How to Troubleshoot Unreliable or Malfunctioning Hardware

CPU IconMy post on Intel X710 NICs being awful has triggered a lot of emotion and commentary from my readers. One of the common questions has been: so I have X710 NICs, what do I do? How do I troubleshoot hardware that isn’t working right?

1. Document how to reproduce the problem and its severity. Is it a management annoyance or does it cause outages & downtime? Is there a reasonable expectation that what you’re trying to do should work the way you expect? That might seem like an odd question, but sometimes other people do the procurement for (and without) us and there are gotchas they didn’t think to ask about.

In my case with the X710s I felt I had a reasonable expectation that the machine would stay up and that standard features like LLDP, which worked fine with other NICs, would work on these.

Being able to reproduce a problem is key. Intermittent issues are really hard to deal with. Get screen shots of the behavior, of the consoles, of the BSODs & PSODs. Get crash dumps if you can.

2. Check the Hardware Compatibility List for the particular OS and hardware you’re trying to use. Make sure it’s on there. If not, you might not have much success in getting support. The HCL might also have clues about driver levels and settings, too.

3. Check the vendor knowledge bases. At the time I was fighting the X710 issues there were no articles about it but now there are, and there are some suggested workarounds.

4. Update the firmware to the latest levels. You should be doing this already as part of your patching process. If you’re having issues your vendor’s support is going to ask you to do this anyhow, so might as well get ahead of it. Do it on the whole machine, not just the malfunctioning component, because sometimes the problem is an interaction somewhere else.

5. Update the driver to the latest levels. The VMware HCL often lists newer drivers you can apply via Update Manager. Try applying one of those. Sometimes a vendor like Intel will supply a newer driver than a server vendor like Dell will qualify. I usually try to stick with what the vendor who sold me the server has for drivers. For Dell & VMware, that often means installing with and/or remediating to the Dell customized ESXi ISO.

6. Update the OS to the latest levels. Again, you should be doing this for security reasons but on the off-chance you aren’t patched up to the latest levels do it and see if the problem persists. Support is going to ask you to do this anyhow. This isn’t saying you need to upgrade to Windows Server 2016 from 2012R2 or anything, just be at current releases of 2012R2. Of course, if you have the opportunity to test against another OS like that it might be a useful data point.

7. Open a support case with your vendor. Let them help you, or at least get it on record that there are problems. Ask for escalation if there isn’t timely progress.

8. Let your sales team know that you are having problems. Ask them how long you have to return the equipment since it isn’t performing correctly. Let them know you opened a support case. Let them know you need escalation because the support folks aren’t resolving your problems. Sales teams want you to be successful, and they absolutely don’t want the equipment returned so they’ll lean on their technical resources to fix your problem.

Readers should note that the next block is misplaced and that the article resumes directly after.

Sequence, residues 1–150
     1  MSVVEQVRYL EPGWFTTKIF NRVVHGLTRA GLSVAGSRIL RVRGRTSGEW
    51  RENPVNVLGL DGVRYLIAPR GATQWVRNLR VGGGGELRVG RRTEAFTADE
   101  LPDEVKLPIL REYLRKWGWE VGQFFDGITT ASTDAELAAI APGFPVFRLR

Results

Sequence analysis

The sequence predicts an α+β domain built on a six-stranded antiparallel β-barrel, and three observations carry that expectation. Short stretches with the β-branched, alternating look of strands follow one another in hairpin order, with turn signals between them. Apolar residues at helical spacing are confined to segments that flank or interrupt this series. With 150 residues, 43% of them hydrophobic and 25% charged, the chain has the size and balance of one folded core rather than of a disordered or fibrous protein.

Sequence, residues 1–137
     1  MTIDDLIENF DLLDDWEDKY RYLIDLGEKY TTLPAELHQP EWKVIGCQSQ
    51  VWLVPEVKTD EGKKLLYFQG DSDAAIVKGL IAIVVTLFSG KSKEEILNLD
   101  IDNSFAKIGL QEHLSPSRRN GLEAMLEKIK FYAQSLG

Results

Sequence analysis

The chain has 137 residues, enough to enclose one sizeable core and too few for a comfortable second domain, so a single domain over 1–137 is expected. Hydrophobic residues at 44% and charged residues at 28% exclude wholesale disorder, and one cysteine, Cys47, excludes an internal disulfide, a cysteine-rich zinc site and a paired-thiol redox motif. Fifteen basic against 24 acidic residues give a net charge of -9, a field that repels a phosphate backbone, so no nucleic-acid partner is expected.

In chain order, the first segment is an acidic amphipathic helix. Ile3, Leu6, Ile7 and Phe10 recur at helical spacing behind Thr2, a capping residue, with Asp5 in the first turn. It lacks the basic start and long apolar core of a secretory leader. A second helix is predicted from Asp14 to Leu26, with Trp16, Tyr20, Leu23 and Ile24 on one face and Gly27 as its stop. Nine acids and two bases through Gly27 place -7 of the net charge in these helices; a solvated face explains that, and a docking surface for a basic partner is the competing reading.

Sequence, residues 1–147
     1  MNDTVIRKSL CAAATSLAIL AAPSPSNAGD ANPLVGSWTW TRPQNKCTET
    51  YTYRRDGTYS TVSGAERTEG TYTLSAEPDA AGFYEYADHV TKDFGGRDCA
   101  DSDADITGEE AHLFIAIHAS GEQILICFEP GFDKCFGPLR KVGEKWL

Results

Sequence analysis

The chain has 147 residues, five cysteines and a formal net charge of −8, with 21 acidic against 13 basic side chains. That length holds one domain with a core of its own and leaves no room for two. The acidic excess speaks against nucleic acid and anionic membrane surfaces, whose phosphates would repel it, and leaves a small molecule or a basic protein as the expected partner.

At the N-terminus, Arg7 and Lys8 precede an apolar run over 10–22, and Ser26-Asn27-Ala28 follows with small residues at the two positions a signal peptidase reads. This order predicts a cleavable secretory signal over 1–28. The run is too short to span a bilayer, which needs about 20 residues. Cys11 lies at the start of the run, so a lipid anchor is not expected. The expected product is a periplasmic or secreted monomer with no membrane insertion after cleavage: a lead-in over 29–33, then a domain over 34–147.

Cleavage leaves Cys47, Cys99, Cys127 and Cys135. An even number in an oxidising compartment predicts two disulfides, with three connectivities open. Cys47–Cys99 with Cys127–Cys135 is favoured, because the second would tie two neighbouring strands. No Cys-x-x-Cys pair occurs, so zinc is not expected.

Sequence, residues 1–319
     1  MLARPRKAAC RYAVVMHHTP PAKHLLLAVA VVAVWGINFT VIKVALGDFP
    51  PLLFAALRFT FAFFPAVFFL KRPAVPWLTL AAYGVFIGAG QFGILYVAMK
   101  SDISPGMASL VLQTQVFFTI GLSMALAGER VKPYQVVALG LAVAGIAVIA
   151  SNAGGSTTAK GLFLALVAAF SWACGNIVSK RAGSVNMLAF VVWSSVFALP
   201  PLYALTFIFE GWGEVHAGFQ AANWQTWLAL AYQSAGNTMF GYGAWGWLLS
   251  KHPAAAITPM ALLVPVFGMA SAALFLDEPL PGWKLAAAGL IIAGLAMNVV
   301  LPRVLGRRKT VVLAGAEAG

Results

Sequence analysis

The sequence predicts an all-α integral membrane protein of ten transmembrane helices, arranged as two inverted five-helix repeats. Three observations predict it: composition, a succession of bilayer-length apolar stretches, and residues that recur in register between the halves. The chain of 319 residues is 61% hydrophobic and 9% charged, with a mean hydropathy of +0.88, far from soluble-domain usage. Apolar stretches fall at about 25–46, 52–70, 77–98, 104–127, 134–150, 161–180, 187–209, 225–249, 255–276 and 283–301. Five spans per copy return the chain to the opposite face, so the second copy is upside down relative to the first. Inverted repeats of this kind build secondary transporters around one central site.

9. Let your management know that you are having problems. Often, vendors will be having separate conversations with management around business goals and whatnot. Executives need to know that a vendor isn’t delivering on their promises. I guarantee that the vendor isn’t going to bring it up in conversation so you need to. Besides, most executives & managers I know love a way to derail a sales pitch.

This is also very important if this equipment needs to be installed and operational in certain timeframes. Management might need to adjust project timelines, reset customer expectations, or do some damage control. Get ahead of it.

10. Let your purchasing people know that you are having problems. If this is new equipment they might want to get involved before they pay the vendor, or stop payment until this is resolved. Governmental & SLED entities sometimes have other mechanisms of recourse under their vendor contracts which can be very helpful.

11. Don’t be afraid to tell the vendor that their ideas aren’t an acceptable fix. For example, the LLDP problems on X710 cards have a fix in newer drivers, but it’s completely manual, and will not work if your card is partitioned.

If you need the partitions then you’re stuck with no LLDP, which is crap. If you have a large cluster or value your time (and even if you don’t your employer probably does) a time-consuming, hard-to-maintain manual fix is unacceptable, too. You paid a price premium for X710 cards and you expect them to be fully supported & functional in your OS. Frankly, you could have paid less and had a NIC that actually worked as advertised out of the box.

12. Have someone high in your organization start the conversation around returning the equipment. This is basically the nuclear option, but you might have to do it. If you’ve done the other steps here this shouldn’t be a surprise. In my case with the X710s we said “it’s been three months with no resolution, we either need to return this equipment or get replacement NICs.” Because we’d worked through it and offered them a chance to resolve it, and there wasn’t a resolution, Dell did right by us and got us replacement Broadcom NICs. Problem solved.

Finding a way through situations like these is half linear troubleshooting and half good communications. Make sure you are doing both. Good luck!

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